1. From a randomized clinical trial, intervention at both the patient and provider level showed modest improvement in osteoarthritis management of patient function and physical activity when compared to control subjects.
2. Depressive symptoms, BMI, and pain scores of patients were not significantly affected by interventional methods.
Evidence Rating Level: 1 (Excellent)
Study Rundown: Osteoarthritis is an increasingly prevalent cause of chronic illness, pain, and disability. While evidence-based guidelines indicate the importance of clinical strategies and behavioral changes in improving osteoarthritis outcomes, many clinical strategies are underused and a large proportion of patients are physically inactive or overweight. The purpose of this study was to examine the effects of combined patient and provider intervention in improving osteoarthritis management and improving overall patient outcomes. This study involved veterans enrolled in the Durham Veteran Association (VA) Medical Center and 30 of the center’s primary care providers. The patient’s primary outcome was assessed using the Western Ontario and McMaster Universities Osteoarthritis Index (WOMAC). Notably, a moderate improvement in total WOMAC scores was observed in the osteoarthritis intervention group, while the control group remained around baseline levels. Clinically meaningful improvements in WOMAC scores have typically ranged from 12% to 18%, rather than the 8.5% observed in this trial. However, due to the design of this trial, it is not possible to determine the individual effects of patient and provider intervention, thereby limiting the analysis of the efficacy of these measures. Additionally, there may be limited generalizability of the study, as the patients receiving care at the VA medical center were mostly male. However, this study provides evidence that patient and provider intervention may improve the management of osteoarthritis.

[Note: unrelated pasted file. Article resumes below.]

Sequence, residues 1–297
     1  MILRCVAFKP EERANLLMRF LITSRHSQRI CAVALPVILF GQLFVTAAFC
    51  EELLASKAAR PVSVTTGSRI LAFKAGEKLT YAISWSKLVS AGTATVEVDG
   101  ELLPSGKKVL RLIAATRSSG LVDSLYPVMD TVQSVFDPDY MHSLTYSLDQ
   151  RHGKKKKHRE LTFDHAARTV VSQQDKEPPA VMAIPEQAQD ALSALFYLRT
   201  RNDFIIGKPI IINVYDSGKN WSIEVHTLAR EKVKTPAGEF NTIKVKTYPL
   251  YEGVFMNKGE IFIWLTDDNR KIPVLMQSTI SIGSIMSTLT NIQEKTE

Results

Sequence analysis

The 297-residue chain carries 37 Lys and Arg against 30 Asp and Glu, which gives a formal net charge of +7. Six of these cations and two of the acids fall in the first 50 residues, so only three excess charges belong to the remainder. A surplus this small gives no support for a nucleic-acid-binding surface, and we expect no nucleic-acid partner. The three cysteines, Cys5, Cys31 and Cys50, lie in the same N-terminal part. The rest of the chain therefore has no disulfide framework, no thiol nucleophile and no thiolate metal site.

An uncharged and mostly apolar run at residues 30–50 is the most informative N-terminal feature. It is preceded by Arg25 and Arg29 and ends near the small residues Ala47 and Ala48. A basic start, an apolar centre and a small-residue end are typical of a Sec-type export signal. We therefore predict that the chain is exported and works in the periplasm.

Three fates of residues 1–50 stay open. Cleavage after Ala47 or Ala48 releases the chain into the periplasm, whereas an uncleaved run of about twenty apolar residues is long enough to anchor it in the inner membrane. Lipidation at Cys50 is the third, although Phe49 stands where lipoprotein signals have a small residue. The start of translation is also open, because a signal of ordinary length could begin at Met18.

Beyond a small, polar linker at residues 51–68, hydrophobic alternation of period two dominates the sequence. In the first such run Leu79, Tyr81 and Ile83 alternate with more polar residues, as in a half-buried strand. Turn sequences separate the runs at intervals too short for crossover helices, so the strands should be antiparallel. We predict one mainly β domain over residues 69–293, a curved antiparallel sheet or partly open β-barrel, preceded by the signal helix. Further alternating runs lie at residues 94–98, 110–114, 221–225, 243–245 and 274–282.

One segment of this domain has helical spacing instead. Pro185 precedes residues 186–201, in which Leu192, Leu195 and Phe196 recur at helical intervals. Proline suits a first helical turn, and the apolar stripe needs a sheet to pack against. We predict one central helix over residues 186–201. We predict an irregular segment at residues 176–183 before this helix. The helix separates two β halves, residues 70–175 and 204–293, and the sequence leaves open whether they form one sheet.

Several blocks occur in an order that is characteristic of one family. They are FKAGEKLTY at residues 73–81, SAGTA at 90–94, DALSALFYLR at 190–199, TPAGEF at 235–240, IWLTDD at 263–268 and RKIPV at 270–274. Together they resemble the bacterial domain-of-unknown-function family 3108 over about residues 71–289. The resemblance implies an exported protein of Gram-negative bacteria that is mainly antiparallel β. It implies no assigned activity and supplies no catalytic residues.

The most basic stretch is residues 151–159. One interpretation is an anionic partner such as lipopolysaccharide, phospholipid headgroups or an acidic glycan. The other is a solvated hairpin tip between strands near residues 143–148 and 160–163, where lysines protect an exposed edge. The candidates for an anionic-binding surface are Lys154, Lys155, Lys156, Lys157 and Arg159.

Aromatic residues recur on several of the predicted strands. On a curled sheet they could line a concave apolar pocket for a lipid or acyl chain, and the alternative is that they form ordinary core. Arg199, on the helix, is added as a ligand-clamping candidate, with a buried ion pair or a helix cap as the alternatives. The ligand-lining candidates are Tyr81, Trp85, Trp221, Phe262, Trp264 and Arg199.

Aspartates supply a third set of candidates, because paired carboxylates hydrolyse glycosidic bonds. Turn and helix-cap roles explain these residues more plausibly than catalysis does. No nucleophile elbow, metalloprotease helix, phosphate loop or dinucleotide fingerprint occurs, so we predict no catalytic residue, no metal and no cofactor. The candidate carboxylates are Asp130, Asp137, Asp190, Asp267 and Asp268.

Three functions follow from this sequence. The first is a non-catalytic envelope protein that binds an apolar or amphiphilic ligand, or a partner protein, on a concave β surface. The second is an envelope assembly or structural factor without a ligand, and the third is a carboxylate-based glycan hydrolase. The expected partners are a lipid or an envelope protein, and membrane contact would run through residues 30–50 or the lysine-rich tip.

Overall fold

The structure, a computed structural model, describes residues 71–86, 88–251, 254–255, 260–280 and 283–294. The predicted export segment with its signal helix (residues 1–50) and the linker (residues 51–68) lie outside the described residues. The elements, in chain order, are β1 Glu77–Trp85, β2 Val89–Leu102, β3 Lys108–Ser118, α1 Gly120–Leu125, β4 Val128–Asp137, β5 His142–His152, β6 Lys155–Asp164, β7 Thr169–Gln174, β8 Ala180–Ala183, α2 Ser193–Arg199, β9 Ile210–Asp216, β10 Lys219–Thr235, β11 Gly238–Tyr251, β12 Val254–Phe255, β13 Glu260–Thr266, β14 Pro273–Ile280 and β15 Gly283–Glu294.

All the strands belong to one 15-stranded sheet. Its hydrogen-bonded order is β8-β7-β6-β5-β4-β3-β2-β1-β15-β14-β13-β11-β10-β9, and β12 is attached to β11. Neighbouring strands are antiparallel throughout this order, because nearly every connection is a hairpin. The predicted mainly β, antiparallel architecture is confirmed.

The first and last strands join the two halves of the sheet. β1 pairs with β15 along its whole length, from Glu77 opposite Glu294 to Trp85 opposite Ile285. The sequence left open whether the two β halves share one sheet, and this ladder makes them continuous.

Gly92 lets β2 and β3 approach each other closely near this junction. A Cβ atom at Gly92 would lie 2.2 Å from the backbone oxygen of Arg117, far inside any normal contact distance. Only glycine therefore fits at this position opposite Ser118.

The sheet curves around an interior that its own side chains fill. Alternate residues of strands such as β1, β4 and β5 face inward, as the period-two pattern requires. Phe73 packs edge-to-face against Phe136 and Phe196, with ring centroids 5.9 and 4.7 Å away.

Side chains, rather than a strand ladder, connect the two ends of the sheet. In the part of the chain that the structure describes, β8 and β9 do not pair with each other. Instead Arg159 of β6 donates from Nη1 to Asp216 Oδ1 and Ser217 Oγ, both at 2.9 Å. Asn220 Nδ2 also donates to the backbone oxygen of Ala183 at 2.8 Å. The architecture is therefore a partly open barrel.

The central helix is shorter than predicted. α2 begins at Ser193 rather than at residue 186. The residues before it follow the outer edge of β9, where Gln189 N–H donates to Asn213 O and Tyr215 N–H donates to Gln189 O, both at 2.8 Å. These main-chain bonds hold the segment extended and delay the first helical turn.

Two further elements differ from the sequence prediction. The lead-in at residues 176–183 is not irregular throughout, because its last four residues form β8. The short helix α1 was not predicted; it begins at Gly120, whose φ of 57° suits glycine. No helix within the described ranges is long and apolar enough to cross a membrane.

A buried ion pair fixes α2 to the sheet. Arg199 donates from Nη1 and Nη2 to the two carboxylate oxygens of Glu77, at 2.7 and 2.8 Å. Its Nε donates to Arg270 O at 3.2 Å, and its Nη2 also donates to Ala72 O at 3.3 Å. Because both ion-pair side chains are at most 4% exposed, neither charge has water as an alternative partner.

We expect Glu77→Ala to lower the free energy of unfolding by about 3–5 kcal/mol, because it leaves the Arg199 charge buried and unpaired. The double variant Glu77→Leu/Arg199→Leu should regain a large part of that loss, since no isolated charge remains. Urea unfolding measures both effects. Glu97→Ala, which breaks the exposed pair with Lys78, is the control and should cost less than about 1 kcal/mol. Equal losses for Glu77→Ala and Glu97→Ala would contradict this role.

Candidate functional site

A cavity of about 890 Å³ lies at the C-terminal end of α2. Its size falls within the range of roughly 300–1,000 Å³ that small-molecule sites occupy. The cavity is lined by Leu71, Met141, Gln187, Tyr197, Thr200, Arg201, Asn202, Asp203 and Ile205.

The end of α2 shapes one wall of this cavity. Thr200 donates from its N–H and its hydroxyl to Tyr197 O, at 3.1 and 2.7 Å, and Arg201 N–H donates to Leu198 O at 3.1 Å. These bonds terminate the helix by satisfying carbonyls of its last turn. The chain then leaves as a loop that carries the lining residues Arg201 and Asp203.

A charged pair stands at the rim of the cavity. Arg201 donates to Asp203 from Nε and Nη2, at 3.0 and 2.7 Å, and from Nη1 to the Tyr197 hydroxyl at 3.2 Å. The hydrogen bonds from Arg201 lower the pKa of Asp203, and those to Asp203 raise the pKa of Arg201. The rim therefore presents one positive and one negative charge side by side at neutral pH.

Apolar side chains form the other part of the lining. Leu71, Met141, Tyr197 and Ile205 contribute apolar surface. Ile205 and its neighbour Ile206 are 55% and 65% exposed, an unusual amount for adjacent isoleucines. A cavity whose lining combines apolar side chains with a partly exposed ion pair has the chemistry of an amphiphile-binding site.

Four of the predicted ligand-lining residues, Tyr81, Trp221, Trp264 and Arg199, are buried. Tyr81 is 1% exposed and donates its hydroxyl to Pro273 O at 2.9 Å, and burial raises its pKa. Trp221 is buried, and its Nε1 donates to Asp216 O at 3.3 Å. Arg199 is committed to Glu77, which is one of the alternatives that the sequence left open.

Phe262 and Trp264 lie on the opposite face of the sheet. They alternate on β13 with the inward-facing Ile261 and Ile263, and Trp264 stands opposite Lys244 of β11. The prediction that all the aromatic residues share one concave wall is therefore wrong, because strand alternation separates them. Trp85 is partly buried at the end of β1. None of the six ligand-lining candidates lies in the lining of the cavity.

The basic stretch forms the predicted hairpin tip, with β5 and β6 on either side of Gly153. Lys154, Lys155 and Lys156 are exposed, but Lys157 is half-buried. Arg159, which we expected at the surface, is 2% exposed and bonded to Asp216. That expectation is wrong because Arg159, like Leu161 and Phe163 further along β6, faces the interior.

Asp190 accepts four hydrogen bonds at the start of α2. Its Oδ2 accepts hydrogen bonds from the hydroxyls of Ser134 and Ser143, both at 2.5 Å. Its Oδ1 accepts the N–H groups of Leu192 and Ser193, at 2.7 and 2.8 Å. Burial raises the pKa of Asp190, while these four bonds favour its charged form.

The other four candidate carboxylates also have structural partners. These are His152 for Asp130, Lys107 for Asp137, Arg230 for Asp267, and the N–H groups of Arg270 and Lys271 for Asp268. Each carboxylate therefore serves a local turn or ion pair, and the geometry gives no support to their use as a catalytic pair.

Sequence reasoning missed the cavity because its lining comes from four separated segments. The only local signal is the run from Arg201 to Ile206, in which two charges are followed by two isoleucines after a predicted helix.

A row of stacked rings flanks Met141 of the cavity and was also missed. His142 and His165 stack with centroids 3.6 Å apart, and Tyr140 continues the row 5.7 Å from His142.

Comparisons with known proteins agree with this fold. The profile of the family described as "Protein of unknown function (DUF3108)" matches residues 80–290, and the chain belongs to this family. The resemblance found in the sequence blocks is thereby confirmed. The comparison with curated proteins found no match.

Relevant Reading: Effects of intensive diet and exercise on knee joint loads, inflammation, and clinical outcomes among overweight and obese adults with knee osteoarthritis: the IDEA randomized clinical trial.
In-Depth [randomized controlled trial]: The trial identified patients with hip osteoarthritis, knee osteoarthritis, or both, in addition to patients that were overweight (BMI ≥ 25 kg/m2), not adhering to physical activity recommendations (U.S. Department of Health and Human Services), and reported joint symptoms. Participants then were randomly assigned to either the control (i.e., patients received their usual care) or osteoarthritis intervention group. Patient intervention involved telephone calls aimed at improving patient physical activity, weight management, and goal setting over the course of 12 months, while provider intervention included patient-specific osteoarthritis treatment recommendations according to a developed algorithm based on published treatment guidelines. At the conclusion of the study, the estimated mean change in total WOMAC score was –4.0 points (95%CI –6.2 to –1.8 points) in the osteoarthritis intervention group and 0.1 points (95%CI –2.3 to 2.3 points) in the control group. Furthermore, the estimated mean difference between groups was –4.1 (95%CI –7.2 to –1.1 points, p = 0.009). In secondary outcome analysis, no significant differences were observed between groups for BMI, WOMAC pain subscale score, or depressive symptoms; however, improvements were observed in changes to exercise from baseline physical activity and WOMAC function subscale score.
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